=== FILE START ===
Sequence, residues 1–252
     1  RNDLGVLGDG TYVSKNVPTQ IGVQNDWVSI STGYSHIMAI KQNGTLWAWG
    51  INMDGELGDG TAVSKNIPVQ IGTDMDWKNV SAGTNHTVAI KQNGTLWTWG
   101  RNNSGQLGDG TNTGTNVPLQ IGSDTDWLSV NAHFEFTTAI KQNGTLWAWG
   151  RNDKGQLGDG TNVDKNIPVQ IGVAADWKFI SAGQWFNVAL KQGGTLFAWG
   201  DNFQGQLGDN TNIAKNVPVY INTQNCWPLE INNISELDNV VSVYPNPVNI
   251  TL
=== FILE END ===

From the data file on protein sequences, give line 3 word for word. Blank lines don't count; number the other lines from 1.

    51  INMDGELGDG TAVSKNIPVQ IGTDMDWKNV SAGTNHTVAI KQNGTLWTWG